Gold prices are entering bull run territory and hit all-time highs in July 2020. 79 Distribution examine whether investors should be worried that it may be too late to purchase physical gold bullion and explain how the method of purchasing gold bullion is crucial and something gold bullion purchasers need to pay more attention to.
Let’s start with the obvious. Everyone from seasoned gold investors right through to those with only a passing interest in precious metals and commodities as an asset class would have had to have been living on another planet to miss the amount of gold related news around at the moment, with even the mainstream media sitting up and taking notice of the seemingly relentless march of the gold price.
OK, so there is nothing quite like a “bull-run” to create excitement, but is it built on firm foundations or is this another tech-bubble or case of tulip-mania that potential gold investors would do well to avoid, given the crash or bursting of the bubble that would have to follow?
Gold bull-runs are nothing new and usually last at least 3 – 4 years.
In the early to mid-1970’s the market saw annual gold price rises of between 60% – 73%, which climaxed in 1979 with a last gasp 140% jump.
We then look to 2001 to 2011, when prices pushed continuously upwards and reached an all-time high of $1920 before a prolonged retracement of some 46%, only hitting the bottom in December 2015.
All the indications are that Gold has now entered another bullish phase. Perhaps a little too early to be classified as a full bull-run that has legs, but definitely going in the right direction, quite fast, with the all-time high (ATH) reached and surpassed in July 2020.
So now that the Gold price has essentially recovered to roughly where it was 2011, what next?
In a nutshell, market commentators and experts do seem to have reached a consensus around continued bullishness in the long term, coupled with an expectation on the likelihood of short-term volatility.
Are we set for long-term Bullishness?
The strength of the US Dollar (as measured by the Dollar Index has fallen to its lowest level since September of 2018. Further dilution in the value of USD is likely to continue with the continuing global pandemic and the Fed doing “anything it takes” (read bottomless money printing) to try to stimulate growth. To put this into some kind of context, the $6 trillion+ stimulus to date is roughly double that used in the 2008/2009 credit crisis and we clearly haven’t even touched the sides.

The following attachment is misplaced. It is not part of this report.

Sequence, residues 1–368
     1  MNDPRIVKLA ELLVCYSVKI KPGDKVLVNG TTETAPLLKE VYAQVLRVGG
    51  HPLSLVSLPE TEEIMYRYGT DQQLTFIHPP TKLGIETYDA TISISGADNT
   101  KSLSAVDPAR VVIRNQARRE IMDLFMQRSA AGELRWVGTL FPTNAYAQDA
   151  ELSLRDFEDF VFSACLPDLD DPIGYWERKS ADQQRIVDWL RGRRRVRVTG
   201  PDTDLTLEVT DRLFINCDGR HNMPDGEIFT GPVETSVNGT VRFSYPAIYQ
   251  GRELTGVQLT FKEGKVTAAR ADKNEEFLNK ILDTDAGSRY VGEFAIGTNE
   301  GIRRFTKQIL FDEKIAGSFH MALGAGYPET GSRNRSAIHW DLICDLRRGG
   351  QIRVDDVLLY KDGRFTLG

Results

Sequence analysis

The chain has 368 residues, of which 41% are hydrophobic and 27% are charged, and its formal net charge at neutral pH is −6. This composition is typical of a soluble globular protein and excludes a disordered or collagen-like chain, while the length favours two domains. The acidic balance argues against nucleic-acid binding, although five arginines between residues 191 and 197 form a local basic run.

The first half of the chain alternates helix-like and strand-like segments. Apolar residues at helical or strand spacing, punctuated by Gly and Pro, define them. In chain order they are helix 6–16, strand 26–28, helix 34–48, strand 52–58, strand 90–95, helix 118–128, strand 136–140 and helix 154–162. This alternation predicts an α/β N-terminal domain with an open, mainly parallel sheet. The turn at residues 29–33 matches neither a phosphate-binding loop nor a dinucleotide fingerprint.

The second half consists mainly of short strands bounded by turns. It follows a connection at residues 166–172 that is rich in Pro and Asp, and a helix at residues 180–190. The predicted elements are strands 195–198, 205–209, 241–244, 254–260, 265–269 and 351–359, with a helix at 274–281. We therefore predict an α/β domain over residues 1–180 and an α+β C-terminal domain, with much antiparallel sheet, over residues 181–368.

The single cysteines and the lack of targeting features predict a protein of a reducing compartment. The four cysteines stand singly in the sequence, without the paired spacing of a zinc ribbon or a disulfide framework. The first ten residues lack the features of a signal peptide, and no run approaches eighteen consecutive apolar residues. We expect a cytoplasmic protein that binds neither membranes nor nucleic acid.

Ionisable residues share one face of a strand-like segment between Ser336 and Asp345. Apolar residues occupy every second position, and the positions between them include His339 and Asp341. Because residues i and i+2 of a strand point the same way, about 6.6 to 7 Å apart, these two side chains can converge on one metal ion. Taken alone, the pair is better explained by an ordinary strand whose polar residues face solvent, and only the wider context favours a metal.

As USD weakens, funds are flooding into physical gold, right through from Institutions, Funds & Central Banks to the smallest private investors, at the same time that supply is being limited by the on-going logistical issues caused by the global pandemic.
Furthermore Bonds (a traditional safe haven for cash) now carry negative yields, making them loss making and pushing further cash into real assets like physical gold bullion.
It is these crucial combinations of factors coming together that is keeping gold on a long-term bullish trend, to potential highs of $6000 and beyond stretching forward to 2026.
Others are even more bullish, with Dan Oliver, the Myrmikan Capital founder upping his prediction to $10,000, again citing a “massive purchasing spree” due to the virus.
Short Term Volatility on the cards?
The market is starting to talk of the gold price “reaching too far, too fast” and of some “overheating” (although not that gold is overvalued), so a period of volatility, profit taking and some consolidation would not be a surprise to anyone, before momentum picks back up again towards more aggressive ATH levels.
So, is it too late to get into physical gold bullion at these prices?
Not in the opinion of most market commentators, as prices are expected to be long-term bullish, supported in the main by the fundamentals.
However, there will naturally be a great deal of regret from o most prospective physical gold bullion buyers that they didn’t get into gold earlier (at a much lower price) , which may leave them tempted to sit on their hands in the hope that some sharp volatility may one day allow them to buy the dip.
The trouble is, the dip may never come or may not be deep enough and the opportunity will have been missed!